Bush Regrets Few Decisions from Presidency
Nearly two years after President George W. Bush left office, he said Monday night in a nationally broadcast interview that he regretted few of the decisions he made during his presidency.
Two decisions he called mistakes were flying over New Orleans in the aftermath of Hurricane Katrina and including the phrase "mission accomplished" in a speech about war in Iraq.
Mr. Bush sat down with NBC's Matt Lauer for an hour-long interview on the eve of the release of Mr. Bush's book "Decision Points," that touched on several issues, including the Sept. 11 terrorist attacks, Katrina and the use of waterboarding on suspected terrorists.
Scroll down to watch clips from the interview.
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The former president was adamant that waterboarding was legal because his lawyers told him so. When Lauer repeated criticism from people who call waterboarding torture, Mr. Bush dismissed it.
"They can draw whatever conclusion they want," Mr. Bush said. "It was the right thing to do. I'm not going to debate the issue."
On the seven minutes Mr. Bush spent sitting in a Florida classroom after learning a second airliner had crashed into the World Trade Center on Sept. 11, 2001, the former president was just as unwavering.
"I'm not going to debate the critics as to whether I was in shock or not because I wasn't," Mr. Bush said.
Lauer asked Mr. Bush whether people might give him "some heat" for his previously disclosed comment that one of the worst moments of his presidency was when rapper Kanye West said he didn't care about black people.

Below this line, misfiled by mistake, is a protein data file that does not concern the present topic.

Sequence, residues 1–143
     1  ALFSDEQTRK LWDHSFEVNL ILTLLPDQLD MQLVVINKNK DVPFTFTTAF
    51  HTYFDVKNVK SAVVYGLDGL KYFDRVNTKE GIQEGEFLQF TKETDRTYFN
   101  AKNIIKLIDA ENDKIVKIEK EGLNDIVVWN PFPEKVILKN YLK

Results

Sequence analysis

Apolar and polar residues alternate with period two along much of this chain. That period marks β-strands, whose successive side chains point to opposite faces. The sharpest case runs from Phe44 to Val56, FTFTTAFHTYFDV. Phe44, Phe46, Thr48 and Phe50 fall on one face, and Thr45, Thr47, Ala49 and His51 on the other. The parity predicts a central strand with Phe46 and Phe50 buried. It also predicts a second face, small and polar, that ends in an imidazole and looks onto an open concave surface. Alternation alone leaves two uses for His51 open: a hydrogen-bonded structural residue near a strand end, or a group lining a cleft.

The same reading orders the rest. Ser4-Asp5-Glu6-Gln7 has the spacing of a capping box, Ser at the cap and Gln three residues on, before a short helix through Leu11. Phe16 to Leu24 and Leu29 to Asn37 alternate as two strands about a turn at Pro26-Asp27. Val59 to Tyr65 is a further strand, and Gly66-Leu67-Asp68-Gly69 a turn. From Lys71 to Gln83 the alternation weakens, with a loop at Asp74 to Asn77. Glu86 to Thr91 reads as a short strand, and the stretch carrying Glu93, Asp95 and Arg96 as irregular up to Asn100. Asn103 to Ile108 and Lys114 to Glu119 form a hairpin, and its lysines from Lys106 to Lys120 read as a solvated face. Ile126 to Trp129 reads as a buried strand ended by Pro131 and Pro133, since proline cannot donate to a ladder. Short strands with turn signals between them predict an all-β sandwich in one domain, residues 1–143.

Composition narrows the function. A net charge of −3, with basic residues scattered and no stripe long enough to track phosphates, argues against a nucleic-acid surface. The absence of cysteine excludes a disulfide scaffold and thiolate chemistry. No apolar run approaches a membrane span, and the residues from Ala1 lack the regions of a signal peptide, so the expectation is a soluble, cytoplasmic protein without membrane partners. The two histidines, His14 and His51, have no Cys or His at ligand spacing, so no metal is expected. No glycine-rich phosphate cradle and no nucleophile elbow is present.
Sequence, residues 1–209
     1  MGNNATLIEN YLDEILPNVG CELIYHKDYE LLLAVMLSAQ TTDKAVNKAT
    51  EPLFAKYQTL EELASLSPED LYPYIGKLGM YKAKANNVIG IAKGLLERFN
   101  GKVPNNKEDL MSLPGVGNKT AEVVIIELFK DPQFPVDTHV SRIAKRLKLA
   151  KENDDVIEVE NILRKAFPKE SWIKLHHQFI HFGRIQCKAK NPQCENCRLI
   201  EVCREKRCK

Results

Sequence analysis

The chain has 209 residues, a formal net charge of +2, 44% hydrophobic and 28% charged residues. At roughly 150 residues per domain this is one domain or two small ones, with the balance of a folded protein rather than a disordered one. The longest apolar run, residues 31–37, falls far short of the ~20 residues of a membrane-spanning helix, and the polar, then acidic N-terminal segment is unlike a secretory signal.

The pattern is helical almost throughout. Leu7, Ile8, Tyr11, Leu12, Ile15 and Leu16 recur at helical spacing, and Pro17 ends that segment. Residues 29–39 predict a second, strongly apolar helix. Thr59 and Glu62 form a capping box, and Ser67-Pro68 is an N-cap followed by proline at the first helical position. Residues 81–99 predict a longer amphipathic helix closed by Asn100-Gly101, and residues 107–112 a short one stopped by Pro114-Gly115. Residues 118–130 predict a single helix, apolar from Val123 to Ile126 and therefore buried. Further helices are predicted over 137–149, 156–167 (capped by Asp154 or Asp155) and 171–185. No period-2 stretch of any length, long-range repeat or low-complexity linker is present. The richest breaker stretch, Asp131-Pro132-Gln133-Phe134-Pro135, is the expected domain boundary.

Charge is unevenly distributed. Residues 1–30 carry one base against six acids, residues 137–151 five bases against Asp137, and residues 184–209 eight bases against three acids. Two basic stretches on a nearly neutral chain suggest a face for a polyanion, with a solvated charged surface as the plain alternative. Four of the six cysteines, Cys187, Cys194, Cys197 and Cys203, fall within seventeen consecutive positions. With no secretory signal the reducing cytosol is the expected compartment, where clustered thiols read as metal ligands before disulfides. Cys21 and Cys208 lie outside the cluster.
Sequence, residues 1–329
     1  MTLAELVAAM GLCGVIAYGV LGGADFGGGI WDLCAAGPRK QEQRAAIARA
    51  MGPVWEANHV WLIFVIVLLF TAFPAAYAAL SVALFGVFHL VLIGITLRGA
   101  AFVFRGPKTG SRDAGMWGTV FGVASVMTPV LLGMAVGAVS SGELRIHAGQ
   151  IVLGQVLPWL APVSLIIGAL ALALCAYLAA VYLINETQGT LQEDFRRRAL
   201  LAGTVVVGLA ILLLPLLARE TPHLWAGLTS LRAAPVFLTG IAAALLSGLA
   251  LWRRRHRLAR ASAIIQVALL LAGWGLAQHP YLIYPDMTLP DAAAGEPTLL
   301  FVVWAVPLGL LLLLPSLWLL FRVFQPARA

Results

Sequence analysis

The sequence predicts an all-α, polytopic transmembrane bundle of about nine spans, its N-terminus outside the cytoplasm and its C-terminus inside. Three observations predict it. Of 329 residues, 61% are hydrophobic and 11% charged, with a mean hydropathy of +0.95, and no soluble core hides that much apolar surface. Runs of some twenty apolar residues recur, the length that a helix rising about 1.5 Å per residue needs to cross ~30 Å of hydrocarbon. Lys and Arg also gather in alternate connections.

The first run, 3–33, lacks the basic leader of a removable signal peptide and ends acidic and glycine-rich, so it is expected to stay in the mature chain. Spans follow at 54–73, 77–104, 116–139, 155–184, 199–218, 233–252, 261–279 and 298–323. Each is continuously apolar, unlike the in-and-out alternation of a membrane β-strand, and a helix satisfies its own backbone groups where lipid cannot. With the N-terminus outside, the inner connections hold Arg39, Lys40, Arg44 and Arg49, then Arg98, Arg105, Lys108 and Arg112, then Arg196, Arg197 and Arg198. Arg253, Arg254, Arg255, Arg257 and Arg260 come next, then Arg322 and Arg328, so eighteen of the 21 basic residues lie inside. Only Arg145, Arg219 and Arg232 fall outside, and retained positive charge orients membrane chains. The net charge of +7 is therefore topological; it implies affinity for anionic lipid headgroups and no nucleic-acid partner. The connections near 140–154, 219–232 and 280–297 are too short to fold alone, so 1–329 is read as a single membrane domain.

"Don't care," Mr. Bush said.
The former president called the New Orleans flyover and the declaration of mission accomplished in Iraq each a "mistake." He specifically referred to the post-Katrina flyover as a "huge mistake," but he wouldn't say whether it was the event that damaged his presidency more, which Lauer asked.
"I think it reinforced damage that was taking place," Mr. Bush said. "I had failed to get Congress to move on Social Security. Iraq was still very difficult. And so Katrina came along and it gave critics an opportunity to kind of undermine the presidency I guess."
Mr. Bush also told Lauer that he didn't expect his presidency to be judged fully in his lifetime.
"I hope I'm judged a success. But I'm gonna be dead, Matt, when they finally figure it out," he said. "And I'm comfortable knowing that I gave it my all, that I love America and I know it was an honor to serve."
In the end, the former president conveyed the same message as all authors in an interview:
"All I ask," Mr. Bush said, "is that people read the book."
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